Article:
Voters are bombarded with political emails this fall. But it is those who are “undecided” about how to detect a phishing scam who stand to most lose before November 6th.
Phishing emails, intended to trick consumers by driving them to websites where they enter credit card and other confidential information, continue to be lucrative for cyber criminals around the world. According to security company RSA, for the first half of 2012, estimated worldwide losses from phishing attacks alone amounted to more than $687 million. Attack numbers averaged 32,581 per month — a 19 percent jump compared to the second half of 2011.
During the Presidential election season, scammers can’t wait to cast their nets. With campaign contributions becoming most critical this final week, fundraising emails are being sent with double the frequency. For instance, in the first three weeks of October, Obama for sent out over 50 different emails to all of its supporters asking for donations. The sheer volume of emails make voters more vulnerable and more susceptible to scams.
The Better Business Bureau (BBB) is calling on all voters to be aware of the number of scams that are likely to continue leading up to the Presidential election. According to the BBB, “Scammers use incentives based on what they think voters want to hear. Hot topics such as health care, economic recovery and unemployment, are alluring topics this election season.”
“Website reviewers” on SiteJapper recently discovered two scam sites called DemocraticNationalCommittee.org and RepublicanNationalCommittee.org. They are fraudulent donation sites made to appear as if they were created by the Democratic and Republican parties. Once visitors click on the “donate” link, they are taken directly to a PayPal account “not connected with any Federal elections.”
So, how can you avoid being a victim of phishing as we lead up to Election Day?
First, it’s important to know the signs of fraud and be able to identify the difference between a legitimate email or website from a fraudulent one. Here are three ways to identify a potentially counterfeit email or website:
Scrutinize Email Subject Lines
Watch out for scare tactics and threats. Successful phishing email subject lines are security related and suggest suspicious activity with your account to prompt you to click on a link. If you have a user account on a Presidential candidate’s site through which you make donations, be skeptical of emails entitled “account suspended” or “information compromised” or “account accessed by third party.”
Be even more suspicious if you receive an email with this subject line on a Friday or Monday. According to Websense, Fridays and Mondays are the top phishing days of the week.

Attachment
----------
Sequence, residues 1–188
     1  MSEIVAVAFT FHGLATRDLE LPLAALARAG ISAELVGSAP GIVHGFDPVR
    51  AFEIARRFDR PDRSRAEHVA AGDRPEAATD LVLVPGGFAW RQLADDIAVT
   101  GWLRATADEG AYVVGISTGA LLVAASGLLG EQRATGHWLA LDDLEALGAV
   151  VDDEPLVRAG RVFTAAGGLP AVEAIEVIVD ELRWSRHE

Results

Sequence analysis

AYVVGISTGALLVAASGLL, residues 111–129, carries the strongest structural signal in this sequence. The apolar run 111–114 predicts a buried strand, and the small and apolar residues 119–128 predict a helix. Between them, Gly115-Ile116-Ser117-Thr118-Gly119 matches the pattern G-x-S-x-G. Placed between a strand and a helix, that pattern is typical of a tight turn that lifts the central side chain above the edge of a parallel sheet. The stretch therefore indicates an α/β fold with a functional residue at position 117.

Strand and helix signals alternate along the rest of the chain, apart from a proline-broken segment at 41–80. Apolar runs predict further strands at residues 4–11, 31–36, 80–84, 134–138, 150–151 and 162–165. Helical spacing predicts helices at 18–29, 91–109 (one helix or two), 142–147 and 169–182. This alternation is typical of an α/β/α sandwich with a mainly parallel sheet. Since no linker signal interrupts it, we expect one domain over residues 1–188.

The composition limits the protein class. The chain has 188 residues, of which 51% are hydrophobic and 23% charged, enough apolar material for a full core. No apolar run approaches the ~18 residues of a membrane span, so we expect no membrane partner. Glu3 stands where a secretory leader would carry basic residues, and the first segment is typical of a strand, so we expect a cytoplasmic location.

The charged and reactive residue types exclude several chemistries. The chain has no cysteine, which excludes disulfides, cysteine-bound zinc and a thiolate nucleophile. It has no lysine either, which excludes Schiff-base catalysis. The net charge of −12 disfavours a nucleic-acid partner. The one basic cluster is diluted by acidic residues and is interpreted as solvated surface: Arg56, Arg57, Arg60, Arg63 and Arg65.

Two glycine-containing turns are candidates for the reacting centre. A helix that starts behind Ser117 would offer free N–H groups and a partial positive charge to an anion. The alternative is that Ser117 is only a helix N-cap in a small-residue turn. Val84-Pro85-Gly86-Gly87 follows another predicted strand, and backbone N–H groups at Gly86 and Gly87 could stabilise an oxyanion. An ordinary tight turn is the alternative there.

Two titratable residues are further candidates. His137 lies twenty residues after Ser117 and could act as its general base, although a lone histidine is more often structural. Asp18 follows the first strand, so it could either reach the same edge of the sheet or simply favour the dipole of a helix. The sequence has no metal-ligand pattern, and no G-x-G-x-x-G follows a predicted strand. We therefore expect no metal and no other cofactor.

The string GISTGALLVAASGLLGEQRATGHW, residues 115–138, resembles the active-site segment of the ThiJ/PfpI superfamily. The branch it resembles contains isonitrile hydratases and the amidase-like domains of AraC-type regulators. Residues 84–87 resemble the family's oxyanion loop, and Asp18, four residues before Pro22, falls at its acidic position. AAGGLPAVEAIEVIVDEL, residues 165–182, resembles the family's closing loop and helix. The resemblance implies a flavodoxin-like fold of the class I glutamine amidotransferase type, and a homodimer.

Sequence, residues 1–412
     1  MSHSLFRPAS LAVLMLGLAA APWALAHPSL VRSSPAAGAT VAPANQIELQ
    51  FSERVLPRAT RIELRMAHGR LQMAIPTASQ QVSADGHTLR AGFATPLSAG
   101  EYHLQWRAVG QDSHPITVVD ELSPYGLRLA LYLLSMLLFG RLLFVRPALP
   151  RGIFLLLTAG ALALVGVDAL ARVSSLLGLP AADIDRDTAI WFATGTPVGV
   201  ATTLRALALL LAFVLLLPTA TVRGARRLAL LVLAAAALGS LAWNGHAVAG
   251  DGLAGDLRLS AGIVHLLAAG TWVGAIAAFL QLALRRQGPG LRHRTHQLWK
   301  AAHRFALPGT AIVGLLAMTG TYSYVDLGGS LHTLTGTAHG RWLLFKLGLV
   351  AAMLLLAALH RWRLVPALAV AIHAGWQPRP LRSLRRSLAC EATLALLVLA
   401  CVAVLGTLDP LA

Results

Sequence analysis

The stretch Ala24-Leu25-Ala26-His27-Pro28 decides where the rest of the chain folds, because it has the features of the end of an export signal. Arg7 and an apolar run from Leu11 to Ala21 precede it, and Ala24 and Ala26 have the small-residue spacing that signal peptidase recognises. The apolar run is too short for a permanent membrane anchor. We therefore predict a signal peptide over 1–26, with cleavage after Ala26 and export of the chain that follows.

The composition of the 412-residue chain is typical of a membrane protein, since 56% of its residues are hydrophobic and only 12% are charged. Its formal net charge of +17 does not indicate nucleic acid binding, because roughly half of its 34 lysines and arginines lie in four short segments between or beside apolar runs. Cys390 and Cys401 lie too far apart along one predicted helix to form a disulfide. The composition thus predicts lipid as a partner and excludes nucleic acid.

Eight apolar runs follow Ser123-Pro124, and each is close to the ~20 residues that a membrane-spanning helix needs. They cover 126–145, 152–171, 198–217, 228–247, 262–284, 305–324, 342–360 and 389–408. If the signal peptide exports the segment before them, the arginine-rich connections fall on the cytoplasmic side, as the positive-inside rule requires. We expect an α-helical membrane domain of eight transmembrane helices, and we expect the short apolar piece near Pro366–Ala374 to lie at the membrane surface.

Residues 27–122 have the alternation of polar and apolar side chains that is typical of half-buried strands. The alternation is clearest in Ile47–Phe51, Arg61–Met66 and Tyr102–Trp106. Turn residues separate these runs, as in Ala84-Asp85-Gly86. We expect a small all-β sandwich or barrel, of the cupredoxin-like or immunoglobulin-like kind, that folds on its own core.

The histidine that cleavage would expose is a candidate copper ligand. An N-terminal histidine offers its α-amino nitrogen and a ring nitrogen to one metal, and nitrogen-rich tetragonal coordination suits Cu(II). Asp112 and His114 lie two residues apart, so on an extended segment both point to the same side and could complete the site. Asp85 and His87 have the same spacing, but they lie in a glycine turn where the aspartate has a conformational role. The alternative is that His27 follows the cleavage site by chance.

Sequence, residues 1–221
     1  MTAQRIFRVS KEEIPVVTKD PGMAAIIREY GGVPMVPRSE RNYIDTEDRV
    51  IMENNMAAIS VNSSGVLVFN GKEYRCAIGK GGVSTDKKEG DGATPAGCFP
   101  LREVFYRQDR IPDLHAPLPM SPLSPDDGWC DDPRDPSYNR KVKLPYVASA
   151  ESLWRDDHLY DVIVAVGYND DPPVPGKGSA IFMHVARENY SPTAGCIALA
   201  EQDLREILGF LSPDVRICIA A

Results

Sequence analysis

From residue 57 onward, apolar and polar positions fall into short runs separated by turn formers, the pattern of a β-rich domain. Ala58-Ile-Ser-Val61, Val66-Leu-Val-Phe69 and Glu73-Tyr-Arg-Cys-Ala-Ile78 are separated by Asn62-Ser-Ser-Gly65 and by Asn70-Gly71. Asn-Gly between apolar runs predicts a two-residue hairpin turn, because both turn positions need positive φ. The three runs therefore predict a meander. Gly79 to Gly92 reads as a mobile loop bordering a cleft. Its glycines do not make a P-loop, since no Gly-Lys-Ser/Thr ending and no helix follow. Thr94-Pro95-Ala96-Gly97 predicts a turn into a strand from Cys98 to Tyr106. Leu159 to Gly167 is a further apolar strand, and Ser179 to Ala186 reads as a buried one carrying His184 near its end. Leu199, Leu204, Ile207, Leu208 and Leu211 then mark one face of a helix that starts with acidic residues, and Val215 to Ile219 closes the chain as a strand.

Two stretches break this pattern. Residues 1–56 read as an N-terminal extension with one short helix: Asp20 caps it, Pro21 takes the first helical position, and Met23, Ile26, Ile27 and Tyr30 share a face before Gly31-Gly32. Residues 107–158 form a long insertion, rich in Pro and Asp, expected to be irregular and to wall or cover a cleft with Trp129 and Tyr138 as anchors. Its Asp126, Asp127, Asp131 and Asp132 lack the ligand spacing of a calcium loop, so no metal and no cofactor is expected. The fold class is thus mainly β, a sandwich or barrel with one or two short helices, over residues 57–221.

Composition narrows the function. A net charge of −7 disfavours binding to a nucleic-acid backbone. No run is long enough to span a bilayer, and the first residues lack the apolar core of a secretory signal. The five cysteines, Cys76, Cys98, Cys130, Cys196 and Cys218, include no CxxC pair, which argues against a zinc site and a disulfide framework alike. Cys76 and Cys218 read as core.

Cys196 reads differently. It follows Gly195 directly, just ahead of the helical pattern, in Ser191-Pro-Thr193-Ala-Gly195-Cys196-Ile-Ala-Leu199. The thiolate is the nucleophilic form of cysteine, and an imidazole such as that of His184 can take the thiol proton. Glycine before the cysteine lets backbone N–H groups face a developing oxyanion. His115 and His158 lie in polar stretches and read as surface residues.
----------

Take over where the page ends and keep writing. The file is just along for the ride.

Triple Check URLs
If you receive an email from an unknown sender, resist clicking on any links. However, if you think the sender is legitimate, you should first review the URL without even clicking on it. For those who don’t already know, you can hover over the link and you should see the URL in the status bar (usually on the bottom of screen). Review the name of the site before you click on it.
Once you do click on a link in an email, you can double check the URL again in the address bar. Look closely at it before you enter any private information or credit card details. Examples of fake URLs are an “@” symbol in the middle of the address or typos or spelling mistakes. It’s also a good idea to look for typos within the actual website to which you’re taken. Because phishing sites need to go up very quickly (97 percent are taken down in 48 hours by organizations protecting their brand), the scammers spend little time proofing content, so sites are usually rife with typos and errors.
If you do not trust the URL, and you know where you’d like to go, then it’s a good idea to simply type the correct web address into the address bar directly.
Green Means Go
Once you’re on a campaign donation site, look again to the address bar for clues. A properly authenticated site will have a green address bar (or a green padlock icon) and https (vs. http) preceding the site name in the URL. These three indicators signify a safe and legitimate site that has undergone a rigorous authentication test. It is fortunately not easy for scammers to fake these trust marks.
Counterfeit activity not only diverts coveted donations from legitimate campaigns, but can damage voter trust. To protect yourself, do not provide your social security number, banking information, or credit card number if you come across any of the above fraud indicators. If you’ve been a subscriber of a particular campaign email list for some time it’s still a good idea to go through the checks anyway.